...for those whose favorite season is autumn with its days of cloudless sky, of spacious and clear, far-flung panoramas - those who view nature with detachment, for whom nature's appeal is primarily pictorial, classicists as opposed to romanticists, perhaps. On such a day, one is usually excited, physically exhilarated, mentally stimulated. Only not much is left for the imagination.
Cutting for Stone is nothing short of masterful -a riveting tale of love, medicine, and the complex dynamic of twin brothers. It is beautifully conceived and written. The settings are wonderfully pictorial. There is no doubt in my mind that Cutting for Stone will endure in the permanent literature of our time.
Films are born from screenplays and they are guided by words. They are born very limited and there is no space for real creation: graphic creation, pictorial creation, or audiovisual creation. If we really want to use the art of animation with all its strength, we have to rethink the processes by which it's made because the medium is the message.
Modern man receives a large part of his knowledge and general education by way of pictorial impressions, illustrations, photographs, films. Daily newspapers bring more pictures from year to year. In addition, the advertising business operates with optical signals as well as representations. Exhibitions and museums are indeed offspring of this visual hustle.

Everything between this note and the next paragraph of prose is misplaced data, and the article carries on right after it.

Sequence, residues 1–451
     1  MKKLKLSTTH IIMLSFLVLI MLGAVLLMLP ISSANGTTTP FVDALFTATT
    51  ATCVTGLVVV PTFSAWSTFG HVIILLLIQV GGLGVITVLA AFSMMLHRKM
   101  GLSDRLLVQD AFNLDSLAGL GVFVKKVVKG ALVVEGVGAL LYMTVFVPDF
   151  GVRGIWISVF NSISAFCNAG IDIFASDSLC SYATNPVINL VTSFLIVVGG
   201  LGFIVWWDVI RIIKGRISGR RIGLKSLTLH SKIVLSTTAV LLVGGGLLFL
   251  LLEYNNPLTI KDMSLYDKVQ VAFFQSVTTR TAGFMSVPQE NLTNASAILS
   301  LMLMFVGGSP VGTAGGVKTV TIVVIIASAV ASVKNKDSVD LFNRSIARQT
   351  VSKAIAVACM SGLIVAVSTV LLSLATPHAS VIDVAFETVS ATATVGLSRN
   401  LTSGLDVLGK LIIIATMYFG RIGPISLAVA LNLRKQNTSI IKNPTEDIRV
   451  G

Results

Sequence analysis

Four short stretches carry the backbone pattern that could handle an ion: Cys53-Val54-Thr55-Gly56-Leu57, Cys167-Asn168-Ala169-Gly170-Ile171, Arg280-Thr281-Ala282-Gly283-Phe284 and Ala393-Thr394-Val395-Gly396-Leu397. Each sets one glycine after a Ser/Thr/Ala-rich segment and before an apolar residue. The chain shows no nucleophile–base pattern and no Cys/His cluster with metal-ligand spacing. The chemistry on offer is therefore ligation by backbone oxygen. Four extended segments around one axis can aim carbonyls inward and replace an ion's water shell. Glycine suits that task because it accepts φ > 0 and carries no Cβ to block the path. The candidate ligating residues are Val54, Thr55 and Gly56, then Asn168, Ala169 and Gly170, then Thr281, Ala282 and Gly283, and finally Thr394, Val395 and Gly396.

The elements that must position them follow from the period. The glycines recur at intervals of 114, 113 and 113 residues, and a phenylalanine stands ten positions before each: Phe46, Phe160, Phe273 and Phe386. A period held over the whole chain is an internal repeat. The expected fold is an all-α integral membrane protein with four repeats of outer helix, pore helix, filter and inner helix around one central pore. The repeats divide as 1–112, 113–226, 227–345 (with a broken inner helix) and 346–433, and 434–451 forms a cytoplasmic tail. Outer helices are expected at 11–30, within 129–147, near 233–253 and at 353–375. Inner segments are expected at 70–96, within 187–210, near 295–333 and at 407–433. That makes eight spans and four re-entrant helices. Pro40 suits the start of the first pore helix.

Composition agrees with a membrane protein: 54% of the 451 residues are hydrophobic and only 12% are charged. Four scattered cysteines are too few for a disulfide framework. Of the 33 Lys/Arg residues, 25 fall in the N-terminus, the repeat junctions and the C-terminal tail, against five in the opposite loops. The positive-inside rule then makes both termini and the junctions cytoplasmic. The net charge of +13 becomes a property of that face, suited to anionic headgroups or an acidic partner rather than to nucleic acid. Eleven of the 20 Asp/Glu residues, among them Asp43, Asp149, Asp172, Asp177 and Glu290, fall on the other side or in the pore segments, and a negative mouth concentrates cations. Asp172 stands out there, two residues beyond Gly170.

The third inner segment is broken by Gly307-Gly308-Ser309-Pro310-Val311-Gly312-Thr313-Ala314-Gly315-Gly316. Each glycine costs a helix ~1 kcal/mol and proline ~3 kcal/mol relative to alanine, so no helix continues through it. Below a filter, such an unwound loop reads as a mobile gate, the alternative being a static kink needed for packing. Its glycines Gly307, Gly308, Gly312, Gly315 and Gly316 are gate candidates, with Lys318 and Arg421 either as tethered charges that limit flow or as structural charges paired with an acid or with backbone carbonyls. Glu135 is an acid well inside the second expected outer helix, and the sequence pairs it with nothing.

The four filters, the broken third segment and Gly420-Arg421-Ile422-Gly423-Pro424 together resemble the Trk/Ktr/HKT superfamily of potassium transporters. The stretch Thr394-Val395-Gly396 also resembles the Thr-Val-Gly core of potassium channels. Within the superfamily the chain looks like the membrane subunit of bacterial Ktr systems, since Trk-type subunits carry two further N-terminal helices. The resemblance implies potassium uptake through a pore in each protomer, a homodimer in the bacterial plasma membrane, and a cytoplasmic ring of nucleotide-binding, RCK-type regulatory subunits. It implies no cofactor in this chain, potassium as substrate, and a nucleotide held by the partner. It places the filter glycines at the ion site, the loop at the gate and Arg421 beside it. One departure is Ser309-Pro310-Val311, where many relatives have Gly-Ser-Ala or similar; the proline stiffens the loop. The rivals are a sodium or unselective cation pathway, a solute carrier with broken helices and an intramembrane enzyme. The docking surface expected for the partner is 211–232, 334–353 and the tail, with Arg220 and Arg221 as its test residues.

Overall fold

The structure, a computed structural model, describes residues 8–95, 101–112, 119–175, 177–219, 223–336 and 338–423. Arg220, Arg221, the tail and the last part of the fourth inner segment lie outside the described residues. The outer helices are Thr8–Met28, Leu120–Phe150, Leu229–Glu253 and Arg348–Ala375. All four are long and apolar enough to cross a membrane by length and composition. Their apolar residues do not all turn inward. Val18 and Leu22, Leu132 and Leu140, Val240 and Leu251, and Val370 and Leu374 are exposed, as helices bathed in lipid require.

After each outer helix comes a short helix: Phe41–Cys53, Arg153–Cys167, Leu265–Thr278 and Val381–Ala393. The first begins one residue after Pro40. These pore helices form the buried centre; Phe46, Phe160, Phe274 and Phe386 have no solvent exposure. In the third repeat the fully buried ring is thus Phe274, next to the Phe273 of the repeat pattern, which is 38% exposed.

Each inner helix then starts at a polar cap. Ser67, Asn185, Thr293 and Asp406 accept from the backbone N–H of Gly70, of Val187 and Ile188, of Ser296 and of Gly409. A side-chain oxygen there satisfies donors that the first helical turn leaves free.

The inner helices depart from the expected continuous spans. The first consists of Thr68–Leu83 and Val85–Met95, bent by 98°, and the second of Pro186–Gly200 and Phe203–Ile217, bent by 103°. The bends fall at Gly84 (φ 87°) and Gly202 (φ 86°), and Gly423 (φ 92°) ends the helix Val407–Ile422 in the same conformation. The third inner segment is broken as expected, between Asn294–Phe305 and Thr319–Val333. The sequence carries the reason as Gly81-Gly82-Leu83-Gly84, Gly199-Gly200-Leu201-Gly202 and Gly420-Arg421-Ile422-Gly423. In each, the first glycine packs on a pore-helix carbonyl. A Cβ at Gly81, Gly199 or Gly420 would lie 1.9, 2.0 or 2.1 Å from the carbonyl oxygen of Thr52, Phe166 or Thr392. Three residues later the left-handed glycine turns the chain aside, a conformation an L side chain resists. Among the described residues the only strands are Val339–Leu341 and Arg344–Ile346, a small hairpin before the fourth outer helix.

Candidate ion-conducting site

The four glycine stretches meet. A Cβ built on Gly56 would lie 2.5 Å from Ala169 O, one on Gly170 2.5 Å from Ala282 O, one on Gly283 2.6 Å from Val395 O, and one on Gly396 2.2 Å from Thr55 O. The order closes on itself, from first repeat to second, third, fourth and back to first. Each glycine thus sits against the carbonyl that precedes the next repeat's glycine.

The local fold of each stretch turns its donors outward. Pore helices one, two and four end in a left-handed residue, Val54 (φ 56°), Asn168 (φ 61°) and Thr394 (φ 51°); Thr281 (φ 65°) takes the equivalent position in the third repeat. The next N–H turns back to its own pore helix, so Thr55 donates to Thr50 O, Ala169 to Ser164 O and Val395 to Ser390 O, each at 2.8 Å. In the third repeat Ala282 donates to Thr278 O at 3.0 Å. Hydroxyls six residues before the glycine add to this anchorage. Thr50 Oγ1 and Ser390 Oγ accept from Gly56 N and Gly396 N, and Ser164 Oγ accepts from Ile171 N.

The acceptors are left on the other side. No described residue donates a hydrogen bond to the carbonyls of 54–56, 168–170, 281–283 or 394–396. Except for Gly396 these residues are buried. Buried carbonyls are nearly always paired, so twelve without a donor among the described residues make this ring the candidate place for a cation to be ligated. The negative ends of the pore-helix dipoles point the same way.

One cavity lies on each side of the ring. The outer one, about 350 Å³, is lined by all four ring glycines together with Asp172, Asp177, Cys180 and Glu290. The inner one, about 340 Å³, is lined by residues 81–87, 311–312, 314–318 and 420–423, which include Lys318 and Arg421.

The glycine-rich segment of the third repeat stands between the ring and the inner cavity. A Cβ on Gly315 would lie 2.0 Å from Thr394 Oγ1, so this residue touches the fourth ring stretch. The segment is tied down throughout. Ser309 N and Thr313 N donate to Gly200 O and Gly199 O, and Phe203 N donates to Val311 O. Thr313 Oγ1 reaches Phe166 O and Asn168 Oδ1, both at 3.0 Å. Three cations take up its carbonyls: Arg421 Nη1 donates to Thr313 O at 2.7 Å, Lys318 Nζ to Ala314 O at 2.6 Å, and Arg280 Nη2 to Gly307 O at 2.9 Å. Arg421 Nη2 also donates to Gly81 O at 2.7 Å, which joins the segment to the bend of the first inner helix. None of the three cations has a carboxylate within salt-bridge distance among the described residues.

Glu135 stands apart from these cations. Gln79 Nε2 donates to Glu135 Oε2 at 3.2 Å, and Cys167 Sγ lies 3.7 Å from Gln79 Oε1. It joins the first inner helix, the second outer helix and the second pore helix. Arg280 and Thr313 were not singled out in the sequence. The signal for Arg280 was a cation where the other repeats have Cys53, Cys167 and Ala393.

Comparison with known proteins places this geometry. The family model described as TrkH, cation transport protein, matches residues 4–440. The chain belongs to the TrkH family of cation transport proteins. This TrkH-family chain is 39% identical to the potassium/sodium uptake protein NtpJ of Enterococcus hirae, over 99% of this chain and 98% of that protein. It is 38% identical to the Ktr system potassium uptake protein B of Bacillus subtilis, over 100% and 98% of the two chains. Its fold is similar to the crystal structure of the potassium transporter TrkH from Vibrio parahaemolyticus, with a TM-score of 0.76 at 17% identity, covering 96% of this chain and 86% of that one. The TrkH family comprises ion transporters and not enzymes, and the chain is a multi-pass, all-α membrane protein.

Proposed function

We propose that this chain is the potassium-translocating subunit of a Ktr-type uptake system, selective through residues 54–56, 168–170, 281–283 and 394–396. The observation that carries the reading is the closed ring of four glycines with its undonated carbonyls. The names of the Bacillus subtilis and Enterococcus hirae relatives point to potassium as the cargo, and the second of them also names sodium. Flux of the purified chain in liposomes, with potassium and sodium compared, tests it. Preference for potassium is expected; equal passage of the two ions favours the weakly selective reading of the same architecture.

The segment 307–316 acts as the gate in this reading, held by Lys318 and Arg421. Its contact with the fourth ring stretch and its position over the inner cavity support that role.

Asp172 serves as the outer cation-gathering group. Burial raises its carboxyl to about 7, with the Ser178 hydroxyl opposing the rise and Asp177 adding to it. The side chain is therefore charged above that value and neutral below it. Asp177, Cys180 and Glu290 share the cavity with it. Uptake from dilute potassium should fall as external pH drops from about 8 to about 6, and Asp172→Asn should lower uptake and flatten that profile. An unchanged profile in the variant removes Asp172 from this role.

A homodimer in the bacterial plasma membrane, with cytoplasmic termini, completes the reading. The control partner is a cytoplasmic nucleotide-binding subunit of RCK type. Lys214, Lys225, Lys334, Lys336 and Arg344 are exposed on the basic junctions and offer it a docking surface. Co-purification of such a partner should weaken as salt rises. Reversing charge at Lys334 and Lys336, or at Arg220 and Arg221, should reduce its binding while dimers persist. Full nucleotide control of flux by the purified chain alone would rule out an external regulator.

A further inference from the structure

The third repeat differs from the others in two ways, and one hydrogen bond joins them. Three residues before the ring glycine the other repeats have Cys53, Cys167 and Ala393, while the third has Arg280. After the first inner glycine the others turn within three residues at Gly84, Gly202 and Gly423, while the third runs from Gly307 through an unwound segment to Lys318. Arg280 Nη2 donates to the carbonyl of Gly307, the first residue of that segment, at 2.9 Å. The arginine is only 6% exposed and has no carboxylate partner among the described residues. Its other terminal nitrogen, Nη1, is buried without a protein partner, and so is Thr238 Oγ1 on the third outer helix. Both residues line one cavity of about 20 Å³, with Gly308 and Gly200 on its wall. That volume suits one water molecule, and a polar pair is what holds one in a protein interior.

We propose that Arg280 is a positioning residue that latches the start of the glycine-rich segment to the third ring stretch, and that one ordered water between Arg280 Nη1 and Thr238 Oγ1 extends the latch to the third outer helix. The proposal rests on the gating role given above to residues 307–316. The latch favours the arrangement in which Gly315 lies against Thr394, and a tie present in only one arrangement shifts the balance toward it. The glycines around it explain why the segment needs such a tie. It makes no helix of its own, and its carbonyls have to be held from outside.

Establishing mood through pictorial means is the director Ridley Scott's most notable talent. There may be no working director more accomplished at wringing texture out of the color blue than the prodigious and now prolific Mr. Scott; you'd swear that with his dazzling washes of blues and sand tones, he was inventing additional hues on the spot.
I imagine as long as people will continue to read novels, people will continue to write them, or vice versa; unless of course the pictorial magazines and comic strips finally atrophy man's capacity to read, and literature really is on its way back to the picture writing in the Neanderthal cave.